Pythagoras (c. 580 – c. 495 BCE)

Pythagoras (c. 580 – c. 495 BCE)

Greek mathematician born in the first half of the 6th century BCE on the Aegean island of Samos in Ionia, near Miletus. He died circa 500 BCE in Metapontum, where he was exiled. Dates are approximate because Pythagoras, although many times quoted by the ancients, has never written anything himself and we do not have any biography that was written for him in the time when he lived.

Pythagore (~580-~495 av. J.-C.)

Pythagoras (c. 580-495 BCE)

Pythagorean Theorem

Relationship between the measures a, b and c of the sides of a right triangle: : a2 = b2 + c2, where a represents the length of the hypotenuse, and b and c the lengths of the two sides of the right angle.

Historical note

With a modern perspective, we would be tempted to affirm that Pythagoras (Πυθαγó-ρας, meaning “announced by the Pythia”) was in his time a guru, thought leader, model, accomplished Olympian athlete, first philosopher, pedagogue, mathematician, musician. He was at the same time adulated by the disciples from his school and hated by the politicians who have chased him and ordered the destruction of all the buildings that housed his school. He can also be considered as a guru because of the secret and sectarian character of the Pythagorean school where everything was put in common, where the knowledge was attributed to the master, where like an initiatory organization, the members must go through different hierarchical degrees, such as postulant, neophyte, akousmatikoi (auditor ), then mathēmatikoi (scholar).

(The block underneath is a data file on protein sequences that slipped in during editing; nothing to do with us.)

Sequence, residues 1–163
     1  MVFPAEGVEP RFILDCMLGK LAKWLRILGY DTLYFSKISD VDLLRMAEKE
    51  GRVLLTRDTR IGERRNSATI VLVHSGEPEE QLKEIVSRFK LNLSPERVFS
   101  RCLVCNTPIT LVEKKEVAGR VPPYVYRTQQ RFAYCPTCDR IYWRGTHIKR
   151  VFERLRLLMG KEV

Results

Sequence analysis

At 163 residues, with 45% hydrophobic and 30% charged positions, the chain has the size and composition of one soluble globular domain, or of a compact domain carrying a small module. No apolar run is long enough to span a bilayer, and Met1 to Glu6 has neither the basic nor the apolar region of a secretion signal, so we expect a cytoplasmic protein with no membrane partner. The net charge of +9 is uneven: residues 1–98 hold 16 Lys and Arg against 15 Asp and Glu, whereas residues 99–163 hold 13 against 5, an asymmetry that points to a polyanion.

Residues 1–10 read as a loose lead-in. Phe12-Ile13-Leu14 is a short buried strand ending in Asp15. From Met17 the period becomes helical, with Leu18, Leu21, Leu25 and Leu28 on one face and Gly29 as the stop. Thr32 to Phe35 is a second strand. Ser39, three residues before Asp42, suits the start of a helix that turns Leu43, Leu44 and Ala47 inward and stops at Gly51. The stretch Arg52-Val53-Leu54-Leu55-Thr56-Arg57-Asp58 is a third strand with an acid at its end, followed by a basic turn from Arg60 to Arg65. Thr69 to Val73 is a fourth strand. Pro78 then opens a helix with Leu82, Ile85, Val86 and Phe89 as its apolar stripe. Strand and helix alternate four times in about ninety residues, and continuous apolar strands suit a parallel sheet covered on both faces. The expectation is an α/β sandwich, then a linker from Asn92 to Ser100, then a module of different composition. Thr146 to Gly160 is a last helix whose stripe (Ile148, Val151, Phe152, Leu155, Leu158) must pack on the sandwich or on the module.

The symbol used by the followers of the Pythagorean school to recognize between themselves was the pentagram or the regular star pentagon.

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